Emergency 40mph on Fen riverside road which claims two lives in a month and at least three other vehicles enter the water

North Bank Whittlesey. North Bank Whittlesey.

Wednesday, December 4, 2013
11:27 AM

A road was closed yesterday and will re-open today with an emergency 40mph speed limit following two deaths and four other incidents in which all the vehicles plunged into the adjacent river.

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North Bank Whittlesey.Highways Engineers ready to inspect the road.North Bank Whittlesey.Highways Engineers ready to inspect the road.

The decision was taken by Peterborough City Council following the discovery of a body of a motorist in the river at North Bank near Whittlesey on Monday.

Simon Machen, the council’s director for growth and regeneration, said: “The road was closed by the police on Monday after a man’s body was discovered in a car in the River Nene.

“I took the decision to keep it closed so our highways inspectors could carry out a full inspection.”

Whittlesey residents campaigning to build a barrier along the stretch of the road where most incidents have occurred promised to step up their protests and plan a meeting tomorrow (Thur) night to discuss their next move.

North Bank Whittlesey.North Bank Whittlesey.

Colin Martin, who began the ‘North Bank Road Let’s Make It Safe, Let’s Save Lives’ a month ago following the death of a friend’s daughter in the river, says support has been overwhelming.

Mr Martin said his group – which has already achieved 3,300 ‘likes’ on Facebook and has contributed to a 2,500 signature petition calling for improvements- would be out in force in Whittlesey on Saturday.

He’s hoping for a massive turn out for a four hour rally from 10am at the Buttercross and one key objective will be gather more signatures on the petition.

“We appreciate it takes time for something to be done but surely the authorities must act before another tragedy happens at this spot?” he said.

North Bank Whittlesey.North Bank Whittlesey.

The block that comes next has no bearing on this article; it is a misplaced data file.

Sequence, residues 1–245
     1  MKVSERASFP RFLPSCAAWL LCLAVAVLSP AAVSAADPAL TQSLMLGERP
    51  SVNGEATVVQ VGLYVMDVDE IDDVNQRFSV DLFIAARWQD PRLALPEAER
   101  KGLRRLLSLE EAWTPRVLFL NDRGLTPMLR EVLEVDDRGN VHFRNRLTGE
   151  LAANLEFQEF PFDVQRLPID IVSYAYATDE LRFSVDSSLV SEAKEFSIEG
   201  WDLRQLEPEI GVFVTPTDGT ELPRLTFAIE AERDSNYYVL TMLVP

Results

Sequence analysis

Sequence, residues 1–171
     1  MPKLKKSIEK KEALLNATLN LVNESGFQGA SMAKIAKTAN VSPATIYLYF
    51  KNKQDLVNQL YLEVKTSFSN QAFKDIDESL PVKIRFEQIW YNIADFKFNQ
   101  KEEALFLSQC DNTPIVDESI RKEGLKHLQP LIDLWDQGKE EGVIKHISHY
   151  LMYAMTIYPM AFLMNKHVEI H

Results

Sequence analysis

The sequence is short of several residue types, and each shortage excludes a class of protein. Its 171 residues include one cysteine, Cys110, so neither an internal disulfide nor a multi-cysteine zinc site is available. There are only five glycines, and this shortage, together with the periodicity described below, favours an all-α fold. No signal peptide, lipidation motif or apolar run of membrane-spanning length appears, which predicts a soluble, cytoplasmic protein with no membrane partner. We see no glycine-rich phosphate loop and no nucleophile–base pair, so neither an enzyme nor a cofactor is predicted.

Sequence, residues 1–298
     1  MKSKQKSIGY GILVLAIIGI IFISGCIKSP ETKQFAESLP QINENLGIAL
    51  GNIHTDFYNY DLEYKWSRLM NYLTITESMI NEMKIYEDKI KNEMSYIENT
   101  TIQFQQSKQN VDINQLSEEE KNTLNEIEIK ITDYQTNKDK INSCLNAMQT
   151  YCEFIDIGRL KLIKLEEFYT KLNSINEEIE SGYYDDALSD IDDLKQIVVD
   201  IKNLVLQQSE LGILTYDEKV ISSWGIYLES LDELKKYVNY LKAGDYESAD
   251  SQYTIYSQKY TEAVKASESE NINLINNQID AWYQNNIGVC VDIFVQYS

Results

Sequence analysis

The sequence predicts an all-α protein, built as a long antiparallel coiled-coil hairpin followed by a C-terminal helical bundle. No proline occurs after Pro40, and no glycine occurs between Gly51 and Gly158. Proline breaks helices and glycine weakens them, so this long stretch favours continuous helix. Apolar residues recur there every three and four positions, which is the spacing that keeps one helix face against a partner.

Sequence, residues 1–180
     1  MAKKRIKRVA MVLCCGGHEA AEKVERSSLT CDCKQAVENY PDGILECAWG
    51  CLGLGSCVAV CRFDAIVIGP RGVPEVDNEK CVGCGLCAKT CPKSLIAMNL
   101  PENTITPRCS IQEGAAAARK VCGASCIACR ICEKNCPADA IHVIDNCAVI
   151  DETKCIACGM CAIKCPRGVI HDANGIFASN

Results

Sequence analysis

Cambridgeshire Police confirmed that the body of the motorist pulled from the Nene on Monday could have been there for up to a week.

Police were called to the waterside on Monday afternoon after reports that a vehicle had been spotted partially submerged.

Keith Pettitt, 50, of Deene Thorpe, Corby, was pronounced dead at the scene after the Skoda Octavia he had been in was recovered from the River Nene which runs alongside the road in Whittlesey

PC Tim Kirkby, investigating, said: “I would appeal to anyone who saw the vehicle enter the water or saw it being driven along that stretch of road between Tuesday (November 26) and 2.30pm on Monday.”

Floral tributes left at North Bank Whittlesey.Floral tributes left at North Bank Whittlesey.

Anyone with any information should call the Roads Policing Unit on 101

Mr Martin began his campaign following the death of Hannah Yates, 18, at the North Bank on November 3. Her father Phil has since become active in the campaign to get urgent safety measures along the road.

“I am told there have been 11 deaths along that stretch of road in the past 25 years,” said Mr Martin. “I did not know Hannah but I did know her father so when she died I thought it was time to do something.”

Mr Martin, 42, and a father of five, said the group would also be fund raising and had joined forces with the longer established Fenland Road Safety Campaign that had already secured a barrier at Bedlam Bridge near March.

North Bank Whittlesey.North Bank Whittlesey.

So far the Whittlesey group has raised nearly £1,400 in a month towards the estimated £15,000 contribution locally to help provide a barrier but Mr Martin is hopeful the city council will fund it all.

“Whilst I welcome the 40mph limit being introduced its still not good enough. I know this is something but much more needs doing,” said Mr Martin.

He confirmed that Mr Yates would be representing the group at a meeting in Peterborough on December 12 at which local councillors and highway officials will discuss safety along the North Bank.